Your feet are the foundation for your entire body. They must be able to properly support your body; allow you to stand, walk, run, and jump; and absorb damaging shock that enters your body every time your heel hits the ground. Every athlete deals with structural defects, many of which start in the feet.
If you don't think you have any foot imbalances, think again. Eighty percent of people develop some type of foot imbalance by the age of 20, and virtually everyone has foot imbalances by the age of 40. After years of standing, walking, and wearing shoes, the arches of your feet gradually weaken and are not able to provide the necessary support for your body.
Pronation (inward rolling of the foot, particularly the heel and arch, as the heel contacts the ground) and supination (the opposite of pronation - outward rolling of the foot as the heel hits the ground) are normal foot movements that occur during walking and running. But when your foot excessively pronates or supinates, it puts the stability of your entire body at risk. These conditions can lead to other forms of an unstable posture, including uneven shoulder heights, one leg that is shorter than the other, and tilting in your hips.
Your athletic performance is directly determined by the status and coordination of your proprioception system. Proprioception is defined as "sensing the motion and position of the body." Special nerve endings in the tissues surrounding your muscles and bones interact with your nervous system - the center for all of your mental activity - to coordinate your body's movements, posture and balance. Three regions of the body contain the most proprioceptive nerve endings: your feet, your spine and your neck.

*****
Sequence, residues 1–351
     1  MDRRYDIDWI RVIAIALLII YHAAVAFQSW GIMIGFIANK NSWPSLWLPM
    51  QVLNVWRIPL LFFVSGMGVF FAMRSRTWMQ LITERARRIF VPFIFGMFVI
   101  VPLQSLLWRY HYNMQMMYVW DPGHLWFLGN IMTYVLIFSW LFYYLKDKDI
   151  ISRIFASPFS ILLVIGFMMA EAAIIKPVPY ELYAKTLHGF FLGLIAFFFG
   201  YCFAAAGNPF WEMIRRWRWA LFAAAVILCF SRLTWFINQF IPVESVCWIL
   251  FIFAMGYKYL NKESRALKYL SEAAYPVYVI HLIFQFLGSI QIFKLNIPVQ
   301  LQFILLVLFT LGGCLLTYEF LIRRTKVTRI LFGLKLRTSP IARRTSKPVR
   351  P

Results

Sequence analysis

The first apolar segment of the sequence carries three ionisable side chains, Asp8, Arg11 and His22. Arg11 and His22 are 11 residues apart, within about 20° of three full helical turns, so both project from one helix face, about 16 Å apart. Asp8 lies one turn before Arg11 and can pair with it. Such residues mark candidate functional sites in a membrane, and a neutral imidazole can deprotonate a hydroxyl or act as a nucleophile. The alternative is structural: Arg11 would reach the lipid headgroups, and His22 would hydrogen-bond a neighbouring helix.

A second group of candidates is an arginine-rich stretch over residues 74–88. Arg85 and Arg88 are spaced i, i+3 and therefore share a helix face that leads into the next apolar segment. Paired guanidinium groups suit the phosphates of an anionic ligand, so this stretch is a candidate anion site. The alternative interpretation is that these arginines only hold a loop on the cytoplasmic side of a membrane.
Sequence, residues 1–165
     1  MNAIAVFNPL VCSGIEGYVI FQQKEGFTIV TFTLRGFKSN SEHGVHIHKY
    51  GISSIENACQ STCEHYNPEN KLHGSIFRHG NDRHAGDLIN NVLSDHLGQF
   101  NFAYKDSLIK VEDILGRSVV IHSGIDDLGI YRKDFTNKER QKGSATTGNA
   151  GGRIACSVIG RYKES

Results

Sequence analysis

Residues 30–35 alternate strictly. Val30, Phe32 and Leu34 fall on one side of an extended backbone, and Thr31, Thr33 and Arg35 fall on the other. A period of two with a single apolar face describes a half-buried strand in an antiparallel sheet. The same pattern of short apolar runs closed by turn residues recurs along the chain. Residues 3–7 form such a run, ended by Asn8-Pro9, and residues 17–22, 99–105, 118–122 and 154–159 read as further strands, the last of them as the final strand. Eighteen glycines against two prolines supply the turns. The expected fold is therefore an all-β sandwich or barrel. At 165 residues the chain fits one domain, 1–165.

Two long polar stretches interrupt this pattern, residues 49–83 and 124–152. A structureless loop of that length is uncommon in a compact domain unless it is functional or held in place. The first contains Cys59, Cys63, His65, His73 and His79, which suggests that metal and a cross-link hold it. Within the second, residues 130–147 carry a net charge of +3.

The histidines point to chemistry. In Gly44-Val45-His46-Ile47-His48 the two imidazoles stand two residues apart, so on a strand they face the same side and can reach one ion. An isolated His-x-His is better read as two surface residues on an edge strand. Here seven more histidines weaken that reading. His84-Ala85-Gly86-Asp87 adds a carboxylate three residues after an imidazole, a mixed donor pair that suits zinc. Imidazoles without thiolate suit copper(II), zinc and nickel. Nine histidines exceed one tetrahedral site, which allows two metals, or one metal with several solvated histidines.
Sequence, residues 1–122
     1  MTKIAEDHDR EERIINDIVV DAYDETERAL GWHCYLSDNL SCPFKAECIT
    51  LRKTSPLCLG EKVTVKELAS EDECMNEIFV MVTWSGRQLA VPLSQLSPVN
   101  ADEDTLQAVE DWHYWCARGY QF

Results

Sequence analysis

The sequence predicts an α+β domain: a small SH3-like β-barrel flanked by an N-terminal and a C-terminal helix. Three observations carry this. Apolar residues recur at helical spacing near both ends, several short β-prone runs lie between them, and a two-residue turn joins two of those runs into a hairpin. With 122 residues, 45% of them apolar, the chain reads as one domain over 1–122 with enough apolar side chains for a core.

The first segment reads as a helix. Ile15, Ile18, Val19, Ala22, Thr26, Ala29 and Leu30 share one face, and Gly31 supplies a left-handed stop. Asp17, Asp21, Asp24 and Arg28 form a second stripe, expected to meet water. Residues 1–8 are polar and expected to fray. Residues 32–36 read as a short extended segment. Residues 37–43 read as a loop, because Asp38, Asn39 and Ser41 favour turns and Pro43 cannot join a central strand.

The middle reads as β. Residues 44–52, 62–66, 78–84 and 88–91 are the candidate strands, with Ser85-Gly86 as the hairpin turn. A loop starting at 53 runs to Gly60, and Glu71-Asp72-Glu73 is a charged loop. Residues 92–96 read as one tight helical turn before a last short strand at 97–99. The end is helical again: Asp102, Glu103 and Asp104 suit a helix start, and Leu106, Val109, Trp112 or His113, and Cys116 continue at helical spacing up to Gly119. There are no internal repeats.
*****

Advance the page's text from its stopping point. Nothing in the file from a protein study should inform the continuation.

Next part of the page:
If you have weaknesses or imbalances in any one of these areas, you cannot function at your best. It's important to take care of your feet and your spine because interference in these areas can negatively affect the coordination of your proprioception system. Your athletic performance depends a great deal on this system - how smoothly and quickly your body can respond to position, speed and balance changes.
Doctors of chiropractic can provide you with structural management. What's that? Structural management evaluates the weaknesses and imbalances in your body so that your doctor can develop a program to address them. Most sports injuries are mechanical or structural in nature, so it makes sense to evaluate and manage your body's structure.
Every individual's body is unique. Every individual also has structural defects. A structural defect is a fault or flaw in your body's structure. If you are an athlete, you have probably had a prior injury or have hereditary weaknesses, conditioning problems, physical and emotional stresses, dietary problems, or equipment deficiencies - all of which contribute to structural defects.
In order to effectively manage your structure, your chiropractor must first examine your structure. They will probably visually evaluate you first, making note of important information about your posture, such as your shoulder and hip heights, internal and external rotations of your knees, and abnormal spinal curves. Then they will examine all the arches of your feet. Your doctor also will conduct range-of-motion tests on all of your joints, muscle tests, leg-length measurements, and a standing X-ray of your overall body structure.